“Sparklines mean that graphics are no longer cartoonish special occasions with captions and boxes, but rather sparkline graphic can be everywhere a word or number can be: embedded in a sentence, table, headline, map, spreadsheet, graphic.”
Boulton suggests that we improve on the existing technology by combining Tufte’s perspective on sparklines with the BBC and Wikipedia use of in-line icons. While the name suggests (at least to me) a new breed of mechanical opponents for the Autobots to fight in the next Transformers sequel, these hypothetical tools could change the way internet users interact with hyperlinks. Boulton defines the sparkicon as “a small, inline icon with additional link meta data to describe either the content and/or the behaviour when the user clicks the link.” These indicators would function similarly to what we already see on Wikipedia and BBC pages, but would be more conducive to placement within visual or text-based content.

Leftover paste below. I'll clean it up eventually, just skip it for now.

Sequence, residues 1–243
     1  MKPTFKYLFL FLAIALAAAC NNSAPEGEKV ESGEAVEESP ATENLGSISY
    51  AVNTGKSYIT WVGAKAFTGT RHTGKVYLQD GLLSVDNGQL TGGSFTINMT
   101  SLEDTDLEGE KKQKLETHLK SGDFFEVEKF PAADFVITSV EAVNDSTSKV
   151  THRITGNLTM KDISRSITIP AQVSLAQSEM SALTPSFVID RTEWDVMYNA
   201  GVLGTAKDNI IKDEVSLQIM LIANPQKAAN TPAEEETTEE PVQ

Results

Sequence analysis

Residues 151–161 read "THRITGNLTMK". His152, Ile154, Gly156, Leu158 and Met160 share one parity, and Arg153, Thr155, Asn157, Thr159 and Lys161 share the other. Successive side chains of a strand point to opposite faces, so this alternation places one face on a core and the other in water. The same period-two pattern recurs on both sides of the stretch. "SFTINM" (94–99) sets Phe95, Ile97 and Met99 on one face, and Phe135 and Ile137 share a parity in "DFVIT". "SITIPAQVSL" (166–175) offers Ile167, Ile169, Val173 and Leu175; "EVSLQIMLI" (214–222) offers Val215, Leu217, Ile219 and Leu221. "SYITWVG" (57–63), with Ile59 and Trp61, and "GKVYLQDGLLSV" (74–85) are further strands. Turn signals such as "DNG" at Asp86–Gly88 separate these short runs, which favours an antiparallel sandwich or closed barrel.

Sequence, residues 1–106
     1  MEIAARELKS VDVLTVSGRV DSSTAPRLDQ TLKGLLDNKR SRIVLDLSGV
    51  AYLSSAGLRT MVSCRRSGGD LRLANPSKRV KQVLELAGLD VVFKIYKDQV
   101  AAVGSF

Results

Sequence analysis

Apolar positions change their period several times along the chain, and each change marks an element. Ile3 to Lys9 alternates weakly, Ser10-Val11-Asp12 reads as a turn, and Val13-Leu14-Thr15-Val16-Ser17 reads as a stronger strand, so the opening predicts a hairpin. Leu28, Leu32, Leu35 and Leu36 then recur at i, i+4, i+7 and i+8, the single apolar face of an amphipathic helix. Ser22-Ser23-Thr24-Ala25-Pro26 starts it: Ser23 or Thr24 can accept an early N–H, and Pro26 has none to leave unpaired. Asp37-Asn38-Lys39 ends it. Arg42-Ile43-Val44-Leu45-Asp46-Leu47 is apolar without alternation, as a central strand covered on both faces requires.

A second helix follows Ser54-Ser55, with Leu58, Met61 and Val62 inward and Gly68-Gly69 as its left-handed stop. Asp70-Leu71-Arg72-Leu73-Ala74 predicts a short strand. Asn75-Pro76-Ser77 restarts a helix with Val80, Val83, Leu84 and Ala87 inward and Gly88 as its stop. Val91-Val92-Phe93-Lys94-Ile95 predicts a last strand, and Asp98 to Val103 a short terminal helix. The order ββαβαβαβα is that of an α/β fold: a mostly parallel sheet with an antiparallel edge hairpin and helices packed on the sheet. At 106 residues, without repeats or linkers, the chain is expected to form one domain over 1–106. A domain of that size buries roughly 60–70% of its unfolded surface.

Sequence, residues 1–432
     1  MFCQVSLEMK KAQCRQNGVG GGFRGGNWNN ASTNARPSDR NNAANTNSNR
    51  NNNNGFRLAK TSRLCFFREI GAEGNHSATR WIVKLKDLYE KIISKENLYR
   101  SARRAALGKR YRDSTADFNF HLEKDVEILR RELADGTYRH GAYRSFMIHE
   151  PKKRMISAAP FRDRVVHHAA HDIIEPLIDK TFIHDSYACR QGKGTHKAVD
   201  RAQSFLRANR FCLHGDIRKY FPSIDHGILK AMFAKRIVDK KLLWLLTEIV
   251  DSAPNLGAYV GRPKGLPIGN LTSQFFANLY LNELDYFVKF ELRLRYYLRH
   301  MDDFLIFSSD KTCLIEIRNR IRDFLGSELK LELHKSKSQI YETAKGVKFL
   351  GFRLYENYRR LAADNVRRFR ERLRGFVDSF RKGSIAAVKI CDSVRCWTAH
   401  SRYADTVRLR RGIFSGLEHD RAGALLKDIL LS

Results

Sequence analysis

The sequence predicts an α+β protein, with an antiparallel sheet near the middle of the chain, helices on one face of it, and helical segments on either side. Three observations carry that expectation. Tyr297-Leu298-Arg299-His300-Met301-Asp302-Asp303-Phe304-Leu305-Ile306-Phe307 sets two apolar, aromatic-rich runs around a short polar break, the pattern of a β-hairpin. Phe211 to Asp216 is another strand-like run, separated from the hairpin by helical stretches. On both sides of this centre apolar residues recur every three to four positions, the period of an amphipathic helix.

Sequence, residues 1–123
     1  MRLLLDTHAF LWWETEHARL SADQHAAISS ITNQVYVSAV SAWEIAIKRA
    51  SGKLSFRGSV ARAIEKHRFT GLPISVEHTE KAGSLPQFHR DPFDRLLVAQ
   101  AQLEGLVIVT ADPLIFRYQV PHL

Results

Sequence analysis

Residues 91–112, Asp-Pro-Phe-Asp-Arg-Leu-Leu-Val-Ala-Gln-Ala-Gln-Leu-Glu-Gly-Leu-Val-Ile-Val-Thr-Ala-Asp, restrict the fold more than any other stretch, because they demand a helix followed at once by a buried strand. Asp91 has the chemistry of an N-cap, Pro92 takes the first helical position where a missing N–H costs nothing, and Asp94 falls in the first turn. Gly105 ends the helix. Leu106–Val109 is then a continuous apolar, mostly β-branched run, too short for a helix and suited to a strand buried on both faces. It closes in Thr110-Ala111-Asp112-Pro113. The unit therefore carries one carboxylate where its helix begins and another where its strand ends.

He provides a few examples of what sparkicons might look like and what they could communicate. For visual content hyperlinks, a simple ‘full-screen’ or ‘external site’ sparkicon provides important information about how the user will experience the media. Specific to video links, Boulton provides examples of sparkicons that indicate the video length and the number of views, meta data a user rarely has access to before the point of no return. Other potential sparkicons could indicate aspect ratio and resolution for video content.
While my lack of technical expertise made me a feel a bit intimidated when I first started reading Boulton’s article, I was soon put at ease with his conversational tone and jargon-free vocabulary. The argument made me think about how far online media has come, but also how much more progress can be made. I can imagine how instrumental the sparkicon would be in reducing online research time, allowing the user to quickly skip past all the junk boolean search terms can find, increasing the efficiency and accessibility of the entire process. We can only hope for the day when web surfers will no longer suffer from hyperlink post-click anxiety, uncertain whether they’re about to stumble upon the perfect article or come face to face with yet another lolcat.